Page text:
Carney further explains the thinking behind the unusual step of an OEM easing aftermarket component installation. “We’re Ford engineers, but we’re also enthusiasts,” he says. “We understand owner mods are part of the Mustang experience, so we try to help where we can.”
Suspension and steering
In keeping with the Boss mandate to provide the best-handling Mustang ever, the already strong Mustang GT suspension system has been further refined. Higher-rate coil springs on all four corners, stiffer suspension bushings and a larger-diameter rear stabilizer bar all contribute to the road racing mission, and Boss models are lowered by 11 millimeters at the front and 1 millimeter at the rear versus the Mustang GT. The real key to handling, though, is in the adjustable shocks and struts, standard on all Boss Mustang models.
“We’ve given drivers five settings for their shocks,” says Brent Clark, supervisor of the Mustang vehicle dynamics team. “One is the softest, two is the factory setting and five is the firmest, and we’ve provided a wide range of adjustment. A customer can drive to the track on setting two, crank it up to five for improved response on the track, then dial down to one for a more relaxed ride home. What’s unique is that drivers will find – thanks to the way the suspension works as a complete system – the softest setting isn’t too loose and the firmest setting isn’t too controlled; each step just provides additional levels of control.”
Also unique is the method of shock adjustment. Ditching the weight and complexity of electronic wizardry, the Mustang team opted for traditional race-style hands-on adjustability – similar to the Gabriel shocks available on the original Boss 302.
“The shock adjustment is right at the top of the shock tower, built into the rod and easily accessible from under the hood or inside the trunk,” says Clark. “You just take a small flat-head screwdriver, turn the adjustment screw between one and five, and head back out onto the track.”
To complement the suspension, the speed-sensitive electronic steering system has been retuned to maximize feedback and road feel to the driver. The driver is also given the option of fine-tuning the steering feel to his liking by selecting one of three settings through the instrument cluster menu: Comfort, normal and sport modes help offer track-tuned steering when desired without sacrificing low-speed maneuverability in parking situations and everyday commuting.
Similarly, Boss receives unique traction control system (TCS) and electronic stability control (ESC) settings to help drivers achieve maximum performance whether on the street or at the track. Both systems can be completely disabled in controlled track situations where maximum driver skill is utilized, or fully engaged for maximum safety during normal driving or in less-than-ideal traction conditions. Intermediate sport mode allows drivers to push their cars hard at the track without completely disabling the safety systems, permitting more aggressive driving before the TCS and ESC systems intervene.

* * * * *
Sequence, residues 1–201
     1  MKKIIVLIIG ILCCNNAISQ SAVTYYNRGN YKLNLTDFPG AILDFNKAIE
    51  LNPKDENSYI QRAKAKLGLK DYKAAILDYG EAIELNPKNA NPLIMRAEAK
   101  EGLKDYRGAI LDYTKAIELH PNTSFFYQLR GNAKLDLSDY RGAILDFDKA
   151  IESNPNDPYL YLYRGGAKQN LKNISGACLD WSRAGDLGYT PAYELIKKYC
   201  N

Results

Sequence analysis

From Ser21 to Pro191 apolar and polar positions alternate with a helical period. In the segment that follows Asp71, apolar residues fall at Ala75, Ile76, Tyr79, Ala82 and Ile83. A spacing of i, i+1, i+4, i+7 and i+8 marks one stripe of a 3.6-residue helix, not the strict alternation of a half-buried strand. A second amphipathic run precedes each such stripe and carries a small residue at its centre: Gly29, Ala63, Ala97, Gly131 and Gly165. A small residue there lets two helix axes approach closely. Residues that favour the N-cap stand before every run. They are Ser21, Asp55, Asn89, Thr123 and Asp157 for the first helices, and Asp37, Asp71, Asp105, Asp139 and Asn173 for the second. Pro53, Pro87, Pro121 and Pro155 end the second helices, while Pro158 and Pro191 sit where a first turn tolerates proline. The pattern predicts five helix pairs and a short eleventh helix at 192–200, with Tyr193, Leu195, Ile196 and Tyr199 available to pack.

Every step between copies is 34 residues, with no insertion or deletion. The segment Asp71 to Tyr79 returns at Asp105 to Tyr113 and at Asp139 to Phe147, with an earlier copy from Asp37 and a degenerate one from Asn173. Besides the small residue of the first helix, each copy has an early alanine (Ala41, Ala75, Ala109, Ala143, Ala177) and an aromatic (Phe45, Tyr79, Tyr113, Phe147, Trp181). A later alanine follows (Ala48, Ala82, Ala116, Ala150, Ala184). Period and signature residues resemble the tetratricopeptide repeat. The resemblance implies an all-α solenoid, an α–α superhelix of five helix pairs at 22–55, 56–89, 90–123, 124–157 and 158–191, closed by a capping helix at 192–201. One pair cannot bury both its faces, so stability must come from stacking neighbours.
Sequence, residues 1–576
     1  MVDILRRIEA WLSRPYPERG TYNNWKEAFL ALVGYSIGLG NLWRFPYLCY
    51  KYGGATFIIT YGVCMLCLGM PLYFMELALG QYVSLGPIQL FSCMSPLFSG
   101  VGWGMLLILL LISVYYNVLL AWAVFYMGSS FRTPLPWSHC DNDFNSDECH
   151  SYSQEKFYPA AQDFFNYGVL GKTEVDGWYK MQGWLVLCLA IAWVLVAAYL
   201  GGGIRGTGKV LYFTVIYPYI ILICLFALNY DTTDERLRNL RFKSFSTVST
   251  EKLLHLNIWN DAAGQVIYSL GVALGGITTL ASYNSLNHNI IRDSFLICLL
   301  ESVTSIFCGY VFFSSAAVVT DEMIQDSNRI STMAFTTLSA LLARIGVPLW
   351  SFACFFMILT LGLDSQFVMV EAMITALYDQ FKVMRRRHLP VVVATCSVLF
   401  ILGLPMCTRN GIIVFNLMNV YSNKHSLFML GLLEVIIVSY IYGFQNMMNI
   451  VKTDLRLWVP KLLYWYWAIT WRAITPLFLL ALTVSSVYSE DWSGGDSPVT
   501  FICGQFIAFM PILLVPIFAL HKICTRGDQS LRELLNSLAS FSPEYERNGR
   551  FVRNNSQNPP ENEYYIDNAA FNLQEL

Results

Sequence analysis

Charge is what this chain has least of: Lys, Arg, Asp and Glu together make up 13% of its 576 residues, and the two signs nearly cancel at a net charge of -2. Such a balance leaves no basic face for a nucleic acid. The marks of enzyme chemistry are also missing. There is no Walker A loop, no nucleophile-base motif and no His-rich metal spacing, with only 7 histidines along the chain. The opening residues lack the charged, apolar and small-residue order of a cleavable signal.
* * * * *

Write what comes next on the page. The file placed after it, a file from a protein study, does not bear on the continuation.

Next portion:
Brakes, wheels and tires
Working in concert with the suspension upgrades, Boss 302 receives unique, lightweight 19-inch black alloy racing wheels in staggered widths: 9 inches in front, 9.5 inches in the rear. The Pirelli PZero summer tires are sized specifically for each end of the vehicle, with the front wheels receiving 255/40ZR-19 tires while the rear stays planted thanks to 285/35ZR-19 rubber.
The combined suspension and tire package allows Boss to achieve a top speed of 155 mph and become the first non-SVT Mustang ever to achieve more than 1.0 g of lateral acceleration.
Boss braking is also up to the challenge, using Brembo four-piston front calipers acting on 14-inch vented rotors up front. In the back, standard Mustang GT brakes are upgraded with a Boss-specific high-performance pad compound. Combined with vented brake shields and unique Anti-Lock Brake System (ABS) tuning, Boss drivers get maximum control and rapid, repeatable fade-free stops in road and race situations alike.
Exterior and interior design
Changes to the Mustang Boss exterior are subtle but unmistakable. True to its race-bred heritage, every component that could potentially aid aerodynamics or engine/brake performance was examined to make the vehicle more competitive, while chief designer Darrell Behmer refined the styling to evoke the 1969 Boss in a contemporary way.
“We approached this as curators of a legend,” explains Behmer. “We’ve taken design cues from the ’69 Boss street car and the menacing Bud Moore/Parnelli Jones race cars and carefully updated them to give the 2012 the proper bad-boy attitude that is unmistakably a Boss Mustang.”
To set Boss apart, each car will have either a black or white roof panel, coordinated to the color of the side C-stripe. Available exterior colors are Competition Orange, Performance White, Kona Blue Metallic, Yellow Blaze Tri-Coat Metallic and Race Red.
Keep watching All Ford Mustangs. We’ll be bringing you an even more detailed breakdown of the new Boss in the coming days.